Agronomic evaluation of new varieties – South Johnstone

Latest update...

Evaluation of the plant crop is now complete, and some promising varieties have been identified. A summary of the observations is now available, including data for selected yield and plant characteristics included in the trial.  

Harvest of the first ratoon is almost completed except for a few varieties which are slower to cycle.  Data from the first ratoon is yet to be finalised but the various trends described in yield and pseudostem height for the plant crop have continued into the first ratoon except that the TR4 resistant Cavendish have fallen away considerably in yield compared to Williams. This is not the first time that poor ratooning has been noted for such selections. 

The CIRAD hybrids have been cycling quicker than Williams which has helped them to improve their yield in the first ratoon compared to what it was in the plant crop, relative to Williams.

About the trial

Growers are keeping a keen eye on the 32 varieties included in the latest agronomic evaluation at South Johnstone. This is the first step at looking at new introductions that may have commercial potential for the Australian banana industry. 

This research forms a significant part of the Improved Plant Protection for the Banana Industry Program (BA16001), looking at the agronomic traits as well as pest and disease tolerance of imported varieties. This project provides for 3 variety assessment trials across Australia at Alstonville (previously Duranbah NSW), South Johnstone (Qld) and Coastal Plains (NT), assessing resistance to Panama disease Race 1 and TR4, agronomic performance, cold tolerance and yellow Sigatoka resistance. 

Several of the varieties included in the current South Johnstone trial are also being screened in the Northern Territory to determine or confirm resistance to TR4.

Varieties included in the current evaluation trial were planted in September 2018. Assessment of agronomic traits will be collected over three crop cycles and a yellow Sigatoka leaf spot screening in the fourth cycle. Several new varieties that have shown resistance to TR4 overseas are included in the evaluation.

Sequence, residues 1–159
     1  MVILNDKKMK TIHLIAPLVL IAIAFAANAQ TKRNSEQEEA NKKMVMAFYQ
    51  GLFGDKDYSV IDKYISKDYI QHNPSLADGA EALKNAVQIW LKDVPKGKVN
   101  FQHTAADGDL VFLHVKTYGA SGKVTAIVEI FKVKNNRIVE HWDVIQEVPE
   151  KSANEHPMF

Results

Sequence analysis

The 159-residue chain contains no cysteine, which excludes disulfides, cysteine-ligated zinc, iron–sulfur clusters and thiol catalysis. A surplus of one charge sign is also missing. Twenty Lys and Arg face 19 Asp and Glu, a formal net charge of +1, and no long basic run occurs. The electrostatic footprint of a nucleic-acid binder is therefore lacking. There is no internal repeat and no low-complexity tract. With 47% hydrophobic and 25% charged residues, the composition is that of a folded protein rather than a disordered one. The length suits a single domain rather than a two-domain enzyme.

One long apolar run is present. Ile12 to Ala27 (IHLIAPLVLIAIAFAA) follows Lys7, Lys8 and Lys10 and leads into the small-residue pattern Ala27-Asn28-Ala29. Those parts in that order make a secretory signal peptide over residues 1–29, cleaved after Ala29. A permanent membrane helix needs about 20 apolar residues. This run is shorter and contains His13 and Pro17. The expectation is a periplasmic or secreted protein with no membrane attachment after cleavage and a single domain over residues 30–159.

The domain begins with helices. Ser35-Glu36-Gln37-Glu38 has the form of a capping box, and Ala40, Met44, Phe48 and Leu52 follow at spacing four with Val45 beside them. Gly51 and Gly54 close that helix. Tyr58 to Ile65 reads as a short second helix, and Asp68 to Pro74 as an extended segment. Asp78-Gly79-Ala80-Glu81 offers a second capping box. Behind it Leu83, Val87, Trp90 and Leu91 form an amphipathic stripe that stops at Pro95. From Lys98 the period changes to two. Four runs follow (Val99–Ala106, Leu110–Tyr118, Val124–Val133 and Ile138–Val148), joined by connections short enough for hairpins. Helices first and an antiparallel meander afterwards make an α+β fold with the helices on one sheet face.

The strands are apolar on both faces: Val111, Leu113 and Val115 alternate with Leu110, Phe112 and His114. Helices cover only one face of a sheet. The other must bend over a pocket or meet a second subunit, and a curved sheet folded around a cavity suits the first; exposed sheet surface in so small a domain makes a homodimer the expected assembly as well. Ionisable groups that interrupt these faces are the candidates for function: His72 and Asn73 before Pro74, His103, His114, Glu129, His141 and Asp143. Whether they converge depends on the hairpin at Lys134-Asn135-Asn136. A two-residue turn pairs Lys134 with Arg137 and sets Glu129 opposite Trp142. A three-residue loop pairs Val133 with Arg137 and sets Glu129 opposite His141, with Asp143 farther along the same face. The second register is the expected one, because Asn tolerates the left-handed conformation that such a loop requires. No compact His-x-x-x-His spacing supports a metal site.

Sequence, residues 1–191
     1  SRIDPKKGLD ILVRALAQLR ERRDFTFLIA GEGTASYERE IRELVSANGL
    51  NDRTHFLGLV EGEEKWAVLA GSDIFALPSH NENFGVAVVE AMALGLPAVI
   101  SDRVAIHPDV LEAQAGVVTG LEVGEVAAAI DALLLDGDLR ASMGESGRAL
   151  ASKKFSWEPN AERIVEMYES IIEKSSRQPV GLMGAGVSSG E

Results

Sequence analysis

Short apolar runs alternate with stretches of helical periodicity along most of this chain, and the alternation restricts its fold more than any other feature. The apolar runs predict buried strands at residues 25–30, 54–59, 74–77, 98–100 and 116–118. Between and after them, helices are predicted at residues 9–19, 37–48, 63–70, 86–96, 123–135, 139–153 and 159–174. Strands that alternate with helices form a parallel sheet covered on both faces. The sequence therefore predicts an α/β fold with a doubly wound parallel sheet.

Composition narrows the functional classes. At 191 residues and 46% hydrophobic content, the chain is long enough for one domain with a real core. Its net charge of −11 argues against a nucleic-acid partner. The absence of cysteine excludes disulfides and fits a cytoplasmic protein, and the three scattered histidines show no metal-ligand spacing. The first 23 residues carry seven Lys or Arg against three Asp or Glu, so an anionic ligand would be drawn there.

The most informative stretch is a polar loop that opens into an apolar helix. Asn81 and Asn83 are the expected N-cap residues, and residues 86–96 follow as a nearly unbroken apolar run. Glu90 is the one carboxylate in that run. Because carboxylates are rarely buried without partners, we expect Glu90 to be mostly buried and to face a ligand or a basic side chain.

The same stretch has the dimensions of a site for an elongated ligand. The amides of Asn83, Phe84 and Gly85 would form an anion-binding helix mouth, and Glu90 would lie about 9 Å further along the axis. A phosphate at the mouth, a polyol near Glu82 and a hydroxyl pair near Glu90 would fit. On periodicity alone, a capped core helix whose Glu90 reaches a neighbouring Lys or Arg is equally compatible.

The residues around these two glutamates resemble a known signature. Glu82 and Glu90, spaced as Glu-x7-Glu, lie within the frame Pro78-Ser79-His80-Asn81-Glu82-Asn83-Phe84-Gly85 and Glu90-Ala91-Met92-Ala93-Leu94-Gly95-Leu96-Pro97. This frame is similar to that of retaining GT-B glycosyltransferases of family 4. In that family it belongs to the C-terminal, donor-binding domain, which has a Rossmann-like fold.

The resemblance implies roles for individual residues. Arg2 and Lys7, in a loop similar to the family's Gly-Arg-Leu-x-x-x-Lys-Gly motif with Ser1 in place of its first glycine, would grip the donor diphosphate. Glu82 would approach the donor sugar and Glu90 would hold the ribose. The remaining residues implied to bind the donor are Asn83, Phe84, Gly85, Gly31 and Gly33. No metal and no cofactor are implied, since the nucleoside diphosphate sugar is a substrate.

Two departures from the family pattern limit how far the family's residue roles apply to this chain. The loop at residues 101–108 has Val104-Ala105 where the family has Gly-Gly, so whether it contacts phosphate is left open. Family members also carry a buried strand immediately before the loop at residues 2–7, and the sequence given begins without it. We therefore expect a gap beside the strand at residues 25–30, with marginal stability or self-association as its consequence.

With an agreement now in place with the Taiwan Banana Research Institute, it will be possible to progress some of the better performing Taiwanese varieties to on-farm trials. The ability to grow these varieties as part of on-farm trials will allow for a greater number of plants than what is possible at South Johnstone Research Facility. 

Tissue culture plants were established in September 2018. The trial block at South Johnstone Research Facility includes 11 single rows (120 m long) with guard plants.
Trial four months after planting in January 2019

Varieties being evaluated

  • A suite of Taiwanese selections of Cavendish present in Australia. Also included is a selection made in Australia from a former introduction. 
  • Agro-biotechnology company Rahan Meristem imported four of their elite Cavendish selections into Australia from Israel— Gal, Jaffa and two selections of Adi. The main features include reduced plant stature and large well-structured bunches. These selections are proving popular in various export production zones around the globe. However, these selections are not claimed to have any resistance to Panama disease tropical race 4 (TR4). North Queensland producers that have seen them growing overseas have been keen to see them evaluated by the Department of Agriculture and Fisheries (DAF) for some time. Rahan Meristem own these varieties and have agreed that results from our evaluations can be made publicly available. 
  • Four hybrids from the breeding program of CIRAD in the French West Indies. Overseas these have shown resistance to leaf disease and Panama disease race 1. We are all eager to see how they fare against TR4 in the Northern Territory trials.
  • Two Cavendish selections from the Canary Islands. These selections of Dwarf Cavendish form the basis of their 400,000 t/yr. export industry to mainland Europe.
  • A new dwarf Lady Finger selection.

A list of varieties being evaluated is now available.

Trial 7 months after planting

Plant crop observations